Showing posts from August 2015
People and their families who use a range of different health and social care services could in the future learn more about what the quality of care is like across a whole local area as part of a new pilot project being launched by the Care Quality Commission.
Called 'Quality of Care in a Place', CQC has selected Greater Manchester – including a more in-depth look at Salford and Tameside – and North Lincolnshire for a special pilot exercise that will test out how well coordinated health and care services are in local areas.
CQC's Chief Inspector of General Practice and Integrated Care, Professor Steve Field, said:
"One of the most important things we can do as a regulator is to be clear and transparent about the picture of health and social care.
"We already know what an valuable source of information our published reports with ratings are for members of the public. Our new 'Quality of Care in a Place' pilot is really about increasing that level of openness even further by building a picture of what the whole quality of care is like for people living in a particular area – including how well services are co-ordinated.
"As well as identifying any issues that need to be tackled across different organisations and finding out more about health inequalities, we will also use the pilot to highlight examples of good practice that other areas can learn from.
"I'm really pleased we are able to start testing out such an important piece of work that could also tell us more about what impact key issues such as quality of leadership and commissioning have on the quality of care across a local area."
See the CQC website for more information.
The Care Quality Commission (CQC) has signed up to an important campaign to show the health and social care regulator’s commitment to best practice in the use of language when talking or writing about people living with dementia.
“Dementia Words Matter” is a DEEP Guide, written by people with dementia, that sets out the words and descriptions of dementia that we would prefer are avoided.
Chief Executive at CQC, David Behan, said: “Using language like 'a person suffers from dementia' perpetuates fear and stigma and is completely at odds with the aspirations of people living with dementia. They tell our inspectors that they want to live well and be supported to do so.
“CQC has a vital role in making sure that people receive care that is safe, effective, compassionate and high quality. We know how important language is in ensuring that care is respectful and person-centred.
“Sadly, this understanding is not always shared by the media or other organisations. I am pleased that CQC is supporting this campaign. I hope we can encourage others to reflect on the language they use when talking about people with dementia and be more positive.”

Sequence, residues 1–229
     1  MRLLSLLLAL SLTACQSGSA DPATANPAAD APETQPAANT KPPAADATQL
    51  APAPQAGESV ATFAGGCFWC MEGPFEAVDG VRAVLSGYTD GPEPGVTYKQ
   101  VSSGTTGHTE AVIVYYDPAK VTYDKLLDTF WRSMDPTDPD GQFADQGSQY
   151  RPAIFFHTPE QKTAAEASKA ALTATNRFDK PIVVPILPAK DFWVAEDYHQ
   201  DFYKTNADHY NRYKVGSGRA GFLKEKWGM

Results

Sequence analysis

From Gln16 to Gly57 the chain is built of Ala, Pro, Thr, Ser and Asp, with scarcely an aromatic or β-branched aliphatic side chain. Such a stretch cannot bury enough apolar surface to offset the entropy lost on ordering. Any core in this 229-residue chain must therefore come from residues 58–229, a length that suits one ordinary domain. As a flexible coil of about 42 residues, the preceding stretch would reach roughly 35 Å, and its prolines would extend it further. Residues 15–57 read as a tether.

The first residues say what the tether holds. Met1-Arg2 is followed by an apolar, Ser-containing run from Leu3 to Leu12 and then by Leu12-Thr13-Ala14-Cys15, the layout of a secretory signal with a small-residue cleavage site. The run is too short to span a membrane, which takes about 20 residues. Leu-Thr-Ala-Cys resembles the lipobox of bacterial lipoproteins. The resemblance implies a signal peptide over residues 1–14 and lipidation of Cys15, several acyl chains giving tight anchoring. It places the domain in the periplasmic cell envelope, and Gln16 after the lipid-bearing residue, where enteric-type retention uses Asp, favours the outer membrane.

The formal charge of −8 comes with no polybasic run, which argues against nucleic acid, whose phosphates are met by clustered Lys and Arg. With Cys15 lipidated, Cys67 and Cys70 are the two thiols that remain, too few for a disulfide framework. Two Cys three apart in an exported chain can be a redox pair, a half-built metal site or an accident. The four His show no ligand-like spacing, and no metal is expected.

The Call to Action is asking organisations to commit to the “three Cs”: Check words and descriptions used in printed materials against the DEEP Guide; Change any words and descriptions that people with dementia have identified as ones to avoid; and Challenge the bad words whenever seen or heard in newspapers, on TV, on websites and in conferences and meetings.
To read more click the link “Dementia Words Matter”.
The Care Quality Commission (CQC) continue to work with their partners to look more closely at issues of safeguarding. CQC have published a statement on safeguarding, which sets out the regulator’s roles and responsibilities for safeguarding and how it carries them out.
This follows the legislative changes and the introduction of the new inspection regime for health and adult social care services in England. CQC have updated their information on how they work with their partners to make sure people are protected from abuse, neglect and maltreatment.
Sally Warren, Deputy Chief Inspector for Adult Social Care and lead on safeguarding at the Care Quality Commission said: "Safeguarding is everyone's business and CQC has an important role to play alongside our partners. People who use services are at the heart of everything we do.
"Our new safeguarding statement provides a timely update about our roles and responsibilities. It underlines the importance of playing our part effectively, keeping people who use services are at the heart of our work, and acting promptly and appropriately to help keep them safe
The statement on CQC’s Roles and Responsibilities for Safeguarding Children and Adults is available on the CQC’s website.
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